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WITF Music: Public Disco Porch

Collaboration and community.

  • Joe Ulrich
Public Disco Porch performs for WITF Music

 Jeremy Long / WITF

Public Disco Porch performs for WITF Music

Public Disco Porch will be performing at West Shore Theater on Sunday, April 23 for The Wind Down, a live music series created by The New Cumberland Collective. Tickets here.

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Public Disco Porch is a collaborative music project created by Spencer McCreary. He was joined in our studio by drummer Robby Everly, bassist Caleb Miller and guitarist David Portelles.

York and the importance of home

Me and my wife have always wanted to make it back just because hometown kind of things that you grew up with started to mean more than I thought they did when I was away. I went to high school in Red Lion and the narrative was, ‘I can’t wait to get out of town.’ I never really had that. But it was definitely part of the reason that we wanted to get back: to change that narrative.

Especially with York, you can be in a nice downtown area, you can be at the river, you can be in the middle of nowhere and that’s pretty rare. That kind of bundle is pretty special.

The York music scene

There’s these embers that need to be stoked. There was an amazing open mic scene when I was growing up. Like The Depot, Skid Row Garage. There was Holy Hound. There was Bistro 19. Now there’s not a good place to have a standby walkable loop as a songwriter.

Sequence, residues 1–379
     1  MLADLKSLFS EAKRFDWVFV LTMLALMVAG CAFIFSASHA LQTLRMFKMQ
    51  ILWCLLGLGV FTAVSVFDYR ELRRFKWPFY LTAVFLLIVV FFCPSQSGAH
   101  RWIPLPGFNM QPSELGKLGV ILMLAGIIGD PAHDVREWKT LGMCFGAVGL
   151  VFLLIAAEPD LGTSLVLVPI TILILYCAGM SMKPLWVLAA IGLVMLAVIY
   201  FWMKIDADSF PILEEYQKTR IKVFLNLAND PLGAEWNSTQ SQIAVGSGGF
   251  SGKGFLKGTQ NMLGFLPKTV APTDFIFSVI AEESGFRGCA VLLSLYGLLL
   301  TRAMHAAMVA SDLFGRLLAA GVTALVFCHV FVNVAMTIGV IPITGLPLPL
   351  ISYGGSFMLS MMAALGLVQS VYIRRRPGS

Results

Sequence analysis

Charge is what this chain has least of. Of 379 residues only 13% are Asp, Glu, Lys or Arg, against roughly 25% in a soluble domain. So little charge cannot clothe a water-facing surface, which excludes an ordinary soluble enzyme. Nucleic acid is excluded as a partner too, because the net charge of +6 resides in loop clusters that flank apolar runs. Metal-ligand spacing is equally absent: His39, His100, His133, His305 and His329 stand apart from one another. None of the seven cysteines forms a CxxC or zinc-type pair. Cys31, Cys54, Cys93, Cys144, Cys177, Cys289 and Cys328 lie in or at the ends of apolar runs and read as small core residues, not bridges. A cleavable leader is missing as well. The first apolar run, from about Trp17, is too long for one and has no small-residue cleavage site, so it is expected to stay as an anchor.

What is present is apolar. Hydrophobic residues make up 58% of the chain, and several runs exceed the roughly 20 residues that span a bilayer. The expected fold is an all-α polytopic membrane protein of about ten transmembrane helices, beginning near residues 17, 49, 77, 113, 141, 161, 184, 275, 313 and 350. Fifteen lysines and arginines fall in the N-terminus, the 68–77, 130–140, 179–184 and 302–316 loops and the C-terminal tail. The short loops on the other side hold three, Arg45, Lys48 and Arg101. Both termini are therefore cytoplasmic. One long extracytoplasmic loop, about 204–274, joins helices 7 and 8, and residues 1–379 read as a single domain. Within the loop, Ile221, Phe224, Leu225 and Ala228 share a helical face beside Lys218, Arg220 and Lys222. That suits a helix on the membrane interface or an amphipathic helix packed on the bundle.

There’s beautiful things happening in York. But musically we’re trying to be a little bit more intentional about throwing music downtown in different spaces, in the yoga classes, in the square. Just like spontaneous happenings to bring that open mic vibe back; like you’re walking downtown and you stumble on something that you weren’t really expecting to see. You’re going to get milk and then all of a sudden you stay and watch a band play.


How the band functions

I am the songwriter for this, or [I have] the initial small ideas or structure. But these songs allow [for a] hyper collaborative effort to happen … Like I have friends in Alabama and or in Ohio, Chicago, and so if this band were to go on trips to play, I can send a message to my friends and be like, ‘Here’s the set list for the week. If you’re not doing anything, you should come play.’

And we were making a joke that these songs sound different every time, which is a space that I like to operate in. Because when you’re improvising, your brain kind of shuts off. The song starts to service itself. So that’s kind of how the band operates.

Translating music into action

The lyrical content is singing about being a good neighbor, taking care of  the things that are underneath our feet. And I had recently … I wasn’t gonna hang [music] up or something. But I was kind of at a loss or like, what is the point? What is another white guy’s perspective on the state of the world have anything to do with it? What am I actually doing with music song? If music songs are all that I have to offer, [then] use them for something good and align them to the things that they’re singing about.

So I started reaching out to the people that are actually doing the work and putting their boots on the ground and getting folks out to plant trees and clean up the river. And it just feels really good to not feel like you’re hopping up on a soapbox but not actually doing something.

“Hick School”

The lyrical content was kind of this nostalgic tongue-in-cheek kind of stuff that’s pointing at my experience with going to a very hick school. Like, we had a ride-your-tractor-to-school day.